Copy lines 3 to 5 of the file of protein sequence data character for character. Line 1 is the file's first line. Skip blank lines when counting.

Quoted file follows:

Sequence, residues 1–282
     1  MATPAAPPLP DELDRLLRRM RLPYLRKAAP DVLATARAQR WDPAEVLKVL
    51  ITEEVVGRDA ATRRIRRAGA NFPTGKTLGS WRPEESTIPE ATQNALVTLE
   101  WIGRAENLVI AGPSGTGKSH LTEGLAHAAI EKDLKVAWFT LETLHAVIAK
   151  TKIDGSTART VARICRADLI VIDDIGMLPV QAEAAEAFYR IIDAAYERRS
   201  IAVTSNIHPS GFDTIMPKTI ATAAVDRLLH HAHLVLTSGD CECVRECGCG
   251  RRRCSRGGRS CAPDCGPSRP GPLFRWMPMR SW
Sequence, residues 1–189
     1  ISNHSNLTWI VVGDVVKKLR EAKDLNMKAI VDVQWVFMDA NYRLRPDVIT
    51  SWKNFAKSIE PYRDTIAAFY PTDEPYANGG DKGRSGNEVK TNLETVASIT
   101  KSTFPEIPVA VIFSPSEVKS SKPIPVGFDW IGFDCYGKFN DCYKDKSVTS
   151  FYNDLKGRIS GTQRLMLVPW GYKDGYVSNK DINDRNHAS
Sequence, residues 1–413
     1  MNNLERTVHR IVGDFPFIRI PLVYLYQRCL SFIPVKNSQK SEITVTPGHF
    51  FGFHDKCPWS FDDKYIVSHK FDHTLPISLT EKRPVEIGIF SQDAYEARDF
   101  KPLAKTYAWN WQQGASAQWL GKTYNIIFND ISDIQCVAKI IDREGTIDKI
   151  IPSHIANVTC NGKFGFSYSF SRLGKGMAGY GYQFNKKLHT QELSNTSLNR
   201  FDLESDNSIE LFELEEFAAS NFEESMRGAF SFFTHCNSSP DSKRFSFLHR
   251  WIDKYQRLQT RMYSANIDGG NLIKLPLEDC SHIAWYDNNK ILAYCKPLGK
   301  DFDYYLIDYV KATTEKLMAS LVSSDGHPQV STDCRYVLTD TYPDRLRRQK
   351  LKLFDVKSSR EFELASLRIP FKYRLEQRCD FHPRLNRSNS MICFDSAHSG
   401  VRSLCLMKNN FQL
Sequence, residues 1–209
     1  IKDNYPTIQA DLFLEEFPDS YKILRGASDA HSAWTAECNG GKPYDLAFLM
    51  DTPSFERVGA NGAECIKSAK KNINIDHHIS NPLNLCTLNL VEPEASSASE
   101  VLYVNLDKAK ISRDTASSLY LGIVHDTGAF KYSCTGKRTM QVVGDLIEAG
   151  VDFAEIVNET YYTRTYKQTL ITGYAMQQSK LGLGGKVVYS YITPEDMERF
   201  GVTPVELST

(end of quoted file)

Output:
    51  ITEEVVGRDA ATRRIRRAGA NFPTGKTLGS WRPEESTIPE ATQNALVTLE
   101  WIGRAENLVI AGPSGTGKSH LTEGLAHAAI EKDLKVAWFT LETLHAVIAK
   151  TKIDGSTART VARICRADLI VIDDIGMLPV QAEAAEAFYR IIDAAYERRS